CHAPTER SIXTEEN - CIVIL RIGHTS
One of the most influential Constitutional clauses during the mid to late 20th century has
been the equal protection clause of the Fourteenth Amendment that forbids any state to
"deny to any person within its jurisdiction the equal protection of the laws. This clause
has not been interpreted to mean that everyone is to be treated the same, but that certain
divisions in society, such as sex, race, and ethnicity are suspect categories, and that laws
that make distinctions that affect these groups will be subjected to especially strict
scrutiny. In recent years, these suspect categories have been expanded to include
discrimination based on age, disability, and sexual preference.
CIVIL RIGHTS FOR RACIAL AND ETHNIC MINORITIES
The United States has always been home to many different racial and ethnic groups that
have experienced varying degrees of acceptance into American society. Today major
racial and ethnic minorities include African Americans, Latinos, Asians, and Native
EQUALITY FOR AFRICAN AMERICANS
The history of African Americans includes 250 years of slavery followed by almost a
century of widespread discrimination. Their efforts to secure equal rights and eliminate
segregation have led the way for others.
After the Civil War, civil rights were guaranteed for former slaves in the Fourteenth and
Fifteenth Amendments. However, many discriminatory laws remained in states across the
country, and the states of the defeated Confederacy passed Jim Crow laws, which
segregated blacks from whites in virtually all public facilities including schools,
restaurants, hotels, and bathrooms. In addition to this de jure (by law) segregation, strict
de facto (in reality) segregation existed in neighborhoods in the South and the North.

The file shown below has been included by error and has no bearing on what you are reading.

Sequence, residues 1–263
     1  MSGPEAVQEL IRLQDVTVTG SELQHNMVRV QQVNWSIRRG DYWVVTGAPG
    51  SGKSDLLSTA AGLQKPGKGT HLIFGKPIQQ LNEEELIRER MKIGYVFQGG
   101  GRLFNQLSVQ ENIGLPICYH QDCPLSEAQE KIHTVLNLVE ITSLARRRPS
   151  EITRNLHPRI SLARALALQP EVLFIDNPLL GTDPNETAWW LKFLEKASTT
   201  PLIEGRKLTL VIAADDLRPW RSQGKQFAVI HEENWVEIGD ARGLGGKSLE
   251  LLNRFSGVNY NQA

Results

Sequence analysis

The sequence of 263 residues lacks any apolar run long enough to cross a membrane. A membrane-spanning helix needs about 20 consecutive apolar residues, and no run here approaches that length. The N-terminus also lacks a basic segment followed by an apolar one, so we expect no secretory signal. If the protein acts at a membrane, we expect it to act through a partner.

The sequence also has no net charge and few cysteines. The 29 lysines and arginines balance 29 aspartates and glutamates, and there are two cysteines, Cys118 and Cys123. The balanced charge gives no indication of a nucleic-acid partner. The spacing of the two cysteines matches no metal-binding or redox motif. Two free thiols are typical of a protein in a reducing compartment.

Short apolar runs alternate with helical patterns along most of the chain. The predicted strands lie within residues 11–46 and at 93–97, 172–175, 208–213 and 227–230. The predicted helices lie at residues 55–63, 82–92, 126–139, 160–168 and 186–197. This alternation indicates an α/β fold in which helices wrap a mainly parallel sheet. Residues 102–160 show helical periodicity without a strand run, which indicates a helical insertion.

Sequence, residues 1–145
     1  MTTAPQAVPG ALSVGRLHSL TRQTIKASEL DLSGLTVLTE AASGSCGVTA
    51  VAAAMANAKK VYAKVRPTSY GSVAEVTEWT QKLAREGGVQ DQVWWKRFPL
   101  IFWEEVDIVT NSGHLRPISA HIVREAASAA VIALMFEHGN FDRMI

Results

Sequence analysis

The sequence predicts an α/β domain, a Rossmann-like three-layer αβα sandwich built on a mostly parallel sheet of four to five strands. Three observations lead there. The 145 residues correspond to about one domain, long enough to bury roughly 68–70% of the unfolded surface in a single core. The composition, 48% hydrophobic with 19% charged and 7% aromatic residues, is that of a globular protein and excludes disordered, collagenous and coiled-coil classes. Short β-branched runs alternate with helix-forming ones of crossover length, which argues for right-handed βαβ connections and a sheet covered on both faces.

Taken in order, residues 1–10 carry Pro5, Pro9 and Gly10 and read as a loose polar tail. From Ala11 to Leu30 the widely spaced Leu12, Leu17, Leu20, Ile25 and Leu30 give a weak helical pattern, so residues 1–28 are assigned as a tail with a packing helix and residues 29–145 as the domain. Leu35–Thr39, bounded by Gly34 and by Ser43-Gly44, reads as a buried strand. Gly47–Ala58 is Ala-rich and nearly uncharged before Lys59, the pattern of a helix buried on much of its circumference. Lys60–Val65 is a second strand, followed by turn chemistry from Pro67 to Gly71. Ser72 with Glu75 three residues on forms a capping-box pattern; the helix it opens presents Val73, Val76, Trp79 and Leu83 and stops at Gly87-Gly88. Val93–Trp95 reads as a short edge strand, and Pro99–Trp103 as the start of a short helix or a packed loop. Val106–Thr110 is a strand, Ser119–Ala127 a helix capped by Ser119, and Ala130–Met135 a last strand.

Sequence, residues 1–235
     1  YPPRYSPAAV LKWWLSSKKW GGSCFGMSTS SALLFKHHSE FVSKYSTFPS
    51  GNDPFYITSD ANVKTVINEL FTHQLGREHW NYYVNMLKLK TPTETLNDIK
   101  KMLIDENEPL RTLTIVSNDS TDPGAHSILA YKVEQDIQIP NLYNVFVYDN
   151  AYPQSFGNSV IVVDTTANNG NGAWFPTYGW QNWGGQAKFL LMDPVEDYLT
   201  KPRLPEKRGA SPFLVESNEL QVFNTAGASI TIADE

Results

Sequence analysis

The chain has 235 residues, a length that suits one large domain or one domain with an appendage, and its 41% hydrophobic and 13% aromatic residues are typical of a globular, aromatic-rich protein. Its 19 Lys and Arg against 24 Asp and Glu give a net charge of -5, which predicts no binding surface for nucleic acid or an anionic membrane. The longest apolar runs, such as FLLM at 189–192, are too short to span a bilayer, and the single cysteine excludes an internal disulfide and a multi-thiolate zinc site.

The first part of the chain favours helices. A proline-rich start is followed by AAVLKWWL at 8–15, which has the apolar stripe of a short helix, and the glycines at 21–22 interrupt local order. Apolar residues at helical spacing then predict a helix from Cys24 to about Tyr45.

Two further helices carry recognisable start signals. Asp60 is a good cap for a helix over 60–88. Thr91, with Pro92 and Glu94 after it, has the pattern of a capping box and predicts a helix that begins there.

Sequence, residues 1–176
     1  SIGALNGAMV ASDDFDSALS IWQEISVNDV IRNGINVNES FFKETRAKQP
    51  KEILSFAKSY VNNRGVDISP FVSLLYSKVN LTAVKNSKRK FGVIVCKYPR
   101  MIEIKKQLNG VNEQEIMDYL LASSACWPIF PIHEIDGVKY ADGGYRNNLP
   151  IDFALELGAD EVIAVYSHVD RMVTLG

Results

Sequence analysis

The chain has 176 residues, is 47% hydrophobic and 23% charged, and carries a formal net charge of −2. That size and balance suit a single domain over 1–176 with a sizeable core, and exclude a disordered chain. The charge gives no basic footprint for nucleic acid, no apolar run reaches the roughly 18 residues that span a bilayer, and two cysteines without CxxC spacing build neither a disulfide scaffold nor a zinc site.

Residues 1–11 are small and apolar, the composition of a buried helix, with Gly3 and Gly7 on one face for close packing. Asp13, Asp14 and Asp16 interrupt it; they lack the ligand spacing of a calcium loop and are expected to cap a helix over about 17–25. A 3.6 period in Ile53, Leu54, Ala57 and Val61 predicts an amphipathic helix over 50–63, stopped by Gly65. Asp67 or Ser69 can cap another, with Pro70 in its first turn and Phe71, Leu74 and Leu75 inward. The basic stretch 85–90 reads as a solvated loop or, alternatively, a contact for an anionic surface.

The 1896 court decision Plessy v. Ferguson supported the segregation laws. Homer
Plessy sued the state of Louisiana for arresting him for riding in a whites only railroad
car. The Court ruled that the law did not violate the equal protection clause of the 14th
Amendment, as Plessy claimed. The majority opinion stated that segregation is not
unconstitutional as long as the facilities were substantially equal. This separate but
equal" doctrine remained the Court’s policies until the 1950s.
The Modern Civil Rights Movement
In 1909 the National Association for the Advancement of Colored People (NAACP) was
founded to promote the enforcement of civil rights guaranteed by the Fourteenth and
Fifteenth Amendments. The NAACP struggled for years to convince white-dominated
state and national legislatures to pass laws protecting black civil rights, but they made
little progress until they turned their attentions to the courts. The NAACP decided that
the courts were the best place to bring about change, and they assembled a legal team that
began to slowly chip away at the separate but equal doctrine.
From the mid-1930s to about 1950, they focused their attention on requiring that separate
black schools actually be equal to white schools. Finding little success with this
approach, Thurgood Marshall, an NAACP lawyer for Linda Brown in Brown v. Board
of Education of Topeka in 1954, argued that separate but equal facilities are "inherently